Monday, November 08, 2010

Tribune Vardy statement in open court

Claim No: HQ10DO3740



-and -





Solicitor for the Claimant

My Lord I represent the Claimant in this action, Sir Peter Vardy, who was knighted in 2001 for his services to education. The First Defendant is the publisher of the Tribune magazine, a weekly newspaper circulated in hard copy and online via its website. The Second Defendant is the Editor of Tribune.

In 1987, Sir Peter Vardy set up the Vardy Foundation to assist in the education of young people in the most socio-economically deprived parts of the United Kingdom through sponsorship of the City Technology College initiative. The schools with which the Vardy Foundation is concerned, through its Emmanuel Schools Foundation Academies, are open to students of all religious faiths, and the Vardy Foundation works in direct liaison with the Department for Children, Schools and Families. The schools that are supported by the Vardy Foundation are subject to regular Ofsted inspections and they work in tandem with their local Education Authorities. Three of the schools with which the Vardy Foundation is concerned have been awarded excellent Ofsted and HMI Inspection Reports since their inception and the fourth was rated as “good”.

On 5 October 2009, Tribune Publications (the First Defendant) published an article entitled “Creationist Claptrap that Beggars Belief”, which was attributed to the playwright Ed Waugh and the “Tribune’s Web Editor”. The sub-heading of the article said “Playwright Ed Waugh warns that Christian fundamentalism is having an increasing influence on British state schools”.

The article claimed that “the Vardy Foundation, led by Christian Evangelical Peter Vardy, which… controls three State Schools with the fourth on the way” was imposing “pseudoscience” “again on children whose education is paid for by taxpayers’ money”.

The article also claimed that; “By virtue of donating £2million of the £22million it cost the taxpayer to build an academy, the Vardy Foundation can impose its fundamentalist beliefs on children through the science curriculum”.

The article asserted that by virtue of the funding provided by the Vardy Foundation; “children in State Schools, funded by taxpayers’ money, are being taught in biology lessons that evolution is as much a “theory” as creationism and that everything was designed by a God creator as stated literally in Genesis”.

None of these allegations is correct. The schools funded via the Emmanuel Schools Foundation are not even faith schools, let alone ones which advocate creationism. As had been reported accurately by the Guardian before publication of the article, the allegation made in it that schools funded via the Vardy Foundation teach creationism “couldn’t be more wrong”. The schools sponsored by the Vardy Foundation teach an entirely orthodox syllabus, including its science teaching. The Sir Peter Vardy has specifically requested that at each Ofsted inspection, inspectors look for creationism anywhere within the curriculum of the schools sponsored by the Vardy Foundation, and on each occasion inspectors found no evidence at all of creationist teaching.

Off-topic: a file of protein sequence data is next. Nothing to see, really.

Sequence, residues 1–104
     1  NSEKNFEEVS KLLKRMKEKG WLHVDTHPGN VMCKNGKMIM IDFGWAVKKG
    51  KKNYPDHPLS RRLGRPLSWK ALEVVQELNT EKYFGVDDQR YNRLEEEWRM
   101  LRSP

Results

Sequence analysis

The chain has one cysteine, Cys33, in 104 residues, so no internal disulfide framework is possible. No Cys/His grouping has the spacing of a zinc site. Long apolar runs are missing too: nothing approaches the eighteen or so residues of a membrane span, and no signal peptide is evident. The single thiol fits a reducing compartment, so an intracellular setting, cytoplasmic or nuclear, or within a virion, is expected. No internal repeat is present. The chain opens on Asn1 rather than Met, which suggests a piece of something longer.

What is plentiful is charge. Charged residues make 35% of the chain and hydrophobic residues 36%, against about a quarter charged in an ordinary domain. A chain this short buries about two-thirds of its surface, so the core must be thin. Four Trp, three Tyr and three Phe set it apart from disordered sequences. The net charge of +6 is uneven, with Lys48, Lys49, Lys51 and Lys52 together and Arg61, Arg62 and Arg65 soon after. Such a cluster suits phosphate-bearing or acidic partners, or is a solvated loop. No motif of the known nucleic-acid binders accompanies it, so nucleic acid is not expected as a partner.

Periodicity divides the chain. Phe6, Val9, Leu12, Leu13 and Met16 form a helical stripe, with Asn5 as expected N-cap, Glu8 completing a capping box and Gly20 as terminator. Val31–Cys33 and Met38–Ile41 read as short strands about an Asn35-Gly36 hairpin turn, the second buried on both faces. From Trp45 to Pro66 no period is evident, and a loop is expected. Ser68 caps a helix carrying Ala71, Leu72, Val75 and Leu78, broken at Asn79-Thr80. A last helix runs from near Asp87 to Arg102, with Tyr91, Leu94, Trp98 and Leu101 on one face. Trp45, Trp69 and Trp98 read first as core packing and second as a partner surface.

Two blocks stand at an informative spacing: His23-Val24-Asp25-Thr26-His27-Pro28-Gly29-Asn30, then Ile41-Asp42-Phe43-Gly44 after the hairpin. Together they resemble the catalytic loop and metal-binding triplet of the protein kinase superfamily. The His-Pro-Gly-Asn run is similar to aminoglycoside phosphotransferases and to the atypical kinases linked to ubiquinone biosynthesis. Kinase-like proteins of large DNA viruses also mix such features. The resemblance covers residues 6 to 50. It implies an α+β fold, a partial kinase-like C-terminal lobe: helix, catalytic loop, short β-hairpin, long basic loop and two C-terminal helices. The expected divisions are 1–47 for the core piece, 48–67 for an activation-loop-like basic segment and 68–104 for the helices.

Both the Tribune and its Editor now accept the allegations made in the article concerning Sir Peter Vardy and his Foundation are untrue, and they have apologised to him for any damage which they have caused to his efforts to improve the education of the underprivileged. They also accept that Sir Peter is not a creationist, and still less has sought to advance the teaching of creationism by means of the sponsorship of education in the UK.

They have also paid a sum by way of damages to a charity of our client’s choice. Since the entire purpose of these proceedings was to ensure that Sir Peter Vardy was to set the record straight to enable the Vardy Foundation to continue to support the education of the underprivileged, he is content upon that basis to let the matter rest.

Counsel for the Defendants

I accept on behalf of the Defendants all that has been said by the Claimant’s solicitor. The Defendants accept that the aims both of Sir Peter Vardy and the Vardy Foundation are to promote the education of the underprivileged, and that Sir Peter Vardy has not sponsored schools through his Foundation for any other reason. They have apologised for and withdrawn the allegations made in the article, and agreed not to republish them.

Solicitor for the Claimant

Accordingly my Lord, I seek leave to withdraw the record.

For the Claimant



For the Defendant



Blogger Madam Miaow said...


11/08/2010 4:58 AM  
Blogger Ben King said...

Money talks. Cunts.

11/08/2010 6:55 AM  
Anonymous Marc Draco said...

Underprivileged - in Coulby Newham?

Strange, I was under the distinct impression that the underprivileged kids didn't live in this area but King's Academy was geographically placed to look as if it served them.

From what I can recall, the really difficult kids (from troubled families) got expelled immediately or were invited to leave by surreptitious back-door selection.

The school might not teach Creationism in SCIENCE but that's not to say it doesn't teach or encourage it elsewhere.

Vardy's (former?) head of science, one Stephen Layfield as I recall, wrote at length about how evolution and pretty much every other scientific tenet was incorrect unless it said so in the bible.

Vardy himself is NOT a creationist, but there's evidence his associates - most notably Nigel McQuoid most certainly are or were.

11/08/2010 3:28 PM  

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